Thread: Apple M1 SoC
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Old 2020-11-13, 21:11   #10
ewmayer's Avatar
Sep 2002
República de California

29·401 Posts

Originally Posted by rogue View Post
Ah, you're right, binary likely incompatible - I'm so used to building the same way on both I brain-farted re. different-OS. Build-from-scrtach it is.

BTW, this is the kind of evermore walled-garden|app-store stuff on Apple's part that concerns me:

o macOS Big Sur launch appears to cause temporary slowdown in even non-Big Sur Macs | Ars Technica
Mac users today began experiencing unexpected issues that included apps taking minutes to launch, stuttering and non-responsiveness throughout macOS, and other problems. The issues seemed to begin close to the time when Apple began rolling out the new version of macOS, Big Sur—but it affected users of other versions of macOS, like Catalina and Mojave… It didn’t take long for some Mac users to note that trustd—a macOS process responsible for checking with Apple’s servers to confirm that an app is notarized—was attempting to contact a host named but failing repeatedly. This resulted in systemwide slowdowns as apps attempted to launch, among other things.
Related: a PDF, Reflections on trusting trustd.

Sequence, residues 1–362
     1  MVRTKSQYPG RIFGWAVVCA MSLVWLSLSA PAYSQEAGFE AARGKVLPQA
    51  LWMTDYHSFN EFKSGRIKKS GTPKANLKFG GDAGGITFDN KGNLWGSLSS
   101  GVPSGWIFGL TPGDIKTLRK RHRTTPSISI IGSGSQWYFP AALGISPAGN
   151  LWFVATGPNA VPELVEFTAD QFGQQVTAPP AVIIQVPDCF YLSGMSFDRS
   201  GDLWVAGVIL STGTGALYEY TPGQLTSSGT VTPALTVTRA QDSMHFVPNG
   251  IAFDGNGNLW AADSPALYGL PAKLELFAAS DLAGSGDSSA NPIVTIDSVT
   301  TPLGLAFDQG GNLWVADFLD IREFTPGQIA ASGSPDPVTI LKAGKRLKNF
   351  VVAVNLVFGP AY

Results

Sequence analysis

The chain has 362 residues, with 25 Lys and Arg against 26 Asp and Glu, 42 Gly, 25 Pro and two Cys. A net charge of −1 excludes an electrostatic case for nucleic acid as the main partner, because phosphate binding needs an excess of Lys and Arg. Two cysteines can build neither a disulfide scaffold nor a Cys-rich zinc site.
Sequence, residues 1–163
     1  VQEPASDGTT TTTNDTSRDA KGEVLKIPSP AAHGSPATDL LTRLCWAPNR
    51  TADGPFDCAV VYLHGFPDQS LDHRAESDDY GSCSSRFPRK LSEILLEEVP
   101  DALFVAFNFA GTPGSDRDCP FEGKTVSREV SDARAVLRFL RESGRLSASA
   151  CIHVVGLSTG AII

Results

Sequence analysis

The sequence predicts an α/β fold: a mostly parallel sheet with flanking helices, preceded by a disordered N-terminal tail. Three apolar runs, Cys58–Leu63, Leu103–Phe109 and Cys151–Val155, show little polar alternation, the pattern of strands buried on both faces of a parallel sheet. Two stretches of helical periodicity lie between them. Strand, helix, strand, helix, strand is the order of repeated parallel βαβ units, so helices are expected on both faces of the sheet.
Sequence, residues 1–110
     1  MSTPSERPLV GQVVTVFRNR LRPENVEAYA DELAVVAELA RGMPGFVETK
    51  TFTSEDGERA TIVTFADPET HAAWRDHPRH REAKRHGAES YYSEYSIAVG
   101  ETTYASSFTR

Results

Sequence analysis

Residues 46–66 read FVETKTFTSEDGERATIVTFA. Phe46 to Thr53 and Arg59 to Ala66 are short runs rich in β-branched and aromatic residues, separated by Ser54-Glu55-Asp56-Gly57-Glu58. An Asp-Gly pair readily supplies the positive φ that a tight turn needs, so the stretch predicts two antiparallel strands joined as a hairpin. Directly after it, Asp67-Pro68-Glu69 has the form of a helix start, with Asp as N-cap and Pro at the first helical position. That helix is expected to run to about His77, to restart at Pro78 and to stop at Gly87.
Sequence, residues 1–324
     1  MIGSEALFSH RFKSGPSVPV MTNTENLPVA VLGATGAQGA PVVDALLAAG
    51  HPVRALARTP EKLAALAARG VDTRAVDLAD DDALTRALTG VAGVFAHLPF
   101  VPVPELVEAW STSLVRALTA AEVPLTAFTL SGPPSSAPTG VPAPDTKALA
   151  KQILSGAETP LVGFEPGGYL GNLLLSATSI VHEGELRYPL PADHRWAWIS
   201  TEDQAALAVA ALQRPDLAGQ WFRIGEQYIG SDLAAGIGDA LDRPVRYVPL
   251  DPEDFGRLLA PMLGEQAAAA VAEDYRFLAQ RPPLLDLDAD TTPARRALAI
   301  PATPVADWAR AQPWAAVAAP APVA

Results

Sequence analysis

o Your Computer Isn’t Yours | Jeffrey Paul:
On modern versions of macOS, you simply can’t power on your computer, launch a text editor or eBook reader, and write or read, without a log of your activity being transmitted and stored…. It turns out that in the current version of the macOS, the OS sends to Apple a hash (unique identifier) of each and every program you run, when you run it. Lots of people didn’t realize this, because it’s silent and invisible and it fails instantly and gracefully when you’re offline, but today the server got really slow and it didn’t hit the fail-fast code path, and everyone’s apps failed to open if they were connected to the internet.
Those shiny new Apple Silicon macs that Apple just announced, three times faster and 50% more battery life? They won’t run any OS before Big Sur.

These machines are the first general purpose computers ever where you have to make an exclusive choice: you can have a fast and efficient machine, or you can have a private one. (Apple mobile devices have already been this way for several years.) Short of using an external network filtering device like a travel/vpn router that you can totally control, there will be no way to boot any OS on the new Apple Silicon macs that won’t phone home, and you can’t modify the OS to prevent this (or they won’t boot at all, due to hardware-based cryptographic protections).
The day that [Richard] Stallman and [Cory] Doctorow have been warning us about has arrived this week. It’s been a slow and gradual process, but we are finally here.

Last fiddled with by ewmayer on 2020-11-13 at 21:17
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